It is not known whether antibodies against either TcsL or TcsH exist in pooled human immunoglobulin, but these toxins cross react with C. difficile toxins B and A, respectively; and antibodies against those toxins can be found in normal serum. Nontoxigenic C. sordellii (negative for TcsL and TcsH) probably cannot cause typical toxic shock syndrome, but these strains have been associated with bacteremia, sepsis, and endometrial infections. It appears that most strains of C. sordellii possess DNAse, collagenase, and phospholipase C (lecithinase) activities.
C. septicum produces four major toxins believed important to its pathogenesis. These include an alpha toxin (lethal, hemolytic, necrotizing activity), beta toxin (DNAse), gamma toxin (hyaluronidase), and a delta toxin (an oxygen-labile hemolysin). It also makes a protease and neuraminidase.
C. novyi makes a phospholipase and a large cytotoxin, called alpha toxin (TcnA), that are probably important for causing gangrenous soft tissue infections.
What other clinical manifestations may help me to diagnose and manage clostridial infections?
Think about clostridial gangrene when rapidly progressive soft tissue infections are present, particularly if there is pain out of proportion to exam or crepitus. If an X-ray shows gas in the soft tissues, think clostridia.
Refractory shock in a previously healthy woman should raise the notion of clostridial toxic shock syndrome. Both Group A Streptococcus and S. aureus can also cause toxic shock in healthy women.
Leukemoid reaction, hemoconcentration, and the absence of fever suggest C. sordellii toxic shock.
Ask about injection drug use in patients with clostridial soft tissue infections or bacteremia.
Ask about consumption of meat-based foods that might have been left out at room temperature for too long. If close contacts had profuse watery diarrhea at the same time as your patient, ask if they ate similar food.
Ask about recent childbirth, abortion, amniocentesis, or gynecological procedures to suggest clostridial endometritis and toxic shock.
How can clostridial infection be prevented?
Preventing foodborne C. perfringens infection is best done by keeping meat at the proper temperature. Cooked meats should be served hot (>140ºF) as soon as possible after cooking. The dish should be rapidly cooled on ice or by refrigeration if it will not be consumed immediately. Reheating cold meats should achieve an internal temperature of 165ºF or higher to kill bacteria that may have grown during cooling.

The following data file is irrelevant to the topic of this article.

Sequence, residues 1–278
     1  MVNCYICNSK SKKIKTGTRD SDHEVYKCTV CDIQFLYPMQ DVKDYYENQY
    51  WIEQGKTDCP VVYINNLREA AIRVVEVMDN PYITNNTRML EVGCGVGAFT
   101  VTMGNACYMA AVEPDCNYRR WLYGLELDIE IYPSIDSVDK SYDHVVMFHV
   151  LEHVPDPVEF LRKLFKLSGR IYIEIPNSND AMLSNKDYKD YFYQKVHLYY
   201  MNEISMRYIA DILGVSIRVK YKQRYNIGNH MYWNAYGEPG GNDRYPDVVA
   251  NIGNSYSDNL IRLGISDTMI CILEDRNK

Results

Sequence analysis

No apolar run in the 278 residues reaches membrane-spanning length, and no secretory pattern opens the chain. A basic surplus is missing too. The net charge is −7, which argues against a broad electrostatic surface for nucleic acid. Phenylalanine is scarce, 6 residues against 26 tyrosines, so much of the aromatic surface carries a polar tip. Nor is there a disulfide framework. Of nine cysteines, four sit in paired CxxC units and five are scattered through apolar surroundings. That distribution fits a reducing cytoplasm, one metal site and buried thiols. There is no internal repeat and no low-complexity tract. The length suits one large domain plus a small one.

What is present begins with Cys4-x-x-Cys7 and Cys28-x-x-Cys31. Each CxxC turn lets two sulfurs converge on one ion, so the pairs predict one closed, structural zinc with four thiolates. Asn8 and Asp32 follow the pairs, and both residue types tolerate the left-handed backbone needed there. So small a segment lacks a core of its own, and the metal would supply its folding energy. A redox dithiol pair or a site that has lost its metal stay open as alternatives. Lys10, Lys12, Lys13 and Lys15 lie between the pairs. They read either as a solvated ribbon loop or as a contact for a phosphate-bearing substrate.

There are no human-use vaccines or preventive medications available for clostridial soft tissue infections, although this is an active area of research.
WHAT'S THE EVIDENCE for specific management and treatment recommendations?
Aldape, MJ, Bryant, AE, Stevens, DL. “infection: epidemiology, clinical findings, and current perspectives on diagnosis and treatment”. Clin Infect Dis. 2006 Dec. vol. 43. 1. pp. 1436-46. (This is an excellent review of C. sordellii infections.)
(This is a helpful resource provided by the CDC.)
Stevens, DL, Aldape, MJ, Bryant, AE. “Life-threatening clostridial infections”. Anaerobe. vol. 18. 2012. pp. 254-9. (This is a wonderful review of pathogenesis, clinical presentation, diagnosis, and management of severe clostridial infections. The bibliography is also very good. These authors are experts in severe clostridial infections.)
Zane, S, Guarner, J. “Gynecologic clostridial toxic shock in women of reproductive age”. Curr Infect Dis Rep. vol. 13. 2011. pp. 561-70. (This is a very complete review of postpartum and postabortion clostridial toxic shock syndrome. These authors have been studying this phenomenon for a number of years.)
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- OVERVIEW: What every practitioner needs to know
- Are you sure your patient has clostridial infection? What should you expect to find?
- How did the patient develop this disease? What was the primary source from which the infection spread?
- Which individuals are of greater risk of developing clostridial infection?
- Beware: there are other diseases that can mimic clostridial infections:
- What laboratory studies should you order and what should you expect to find?
- What imaging studies will be helpful in making or excluding the diagnosis?
- What consult service or services would be helpful for making the diagnosis and assisting with treatment?
- If I am not sure what pathogen is causing the infection, what anti-infective should I order?
- What complications could arise as a consequence of this disease?
- What should you tell the family about the patient's prognosis?
- How do you contract this disease and how frequent is this disease?
- How do Clostridium species cause disease?
- What other clinical manifestations may help me to diagnose and manage clostridial infections?
- How can clostridial infection be prevented?
- WHAT'S THE EVIDENCE for specific management and treatment recommendations?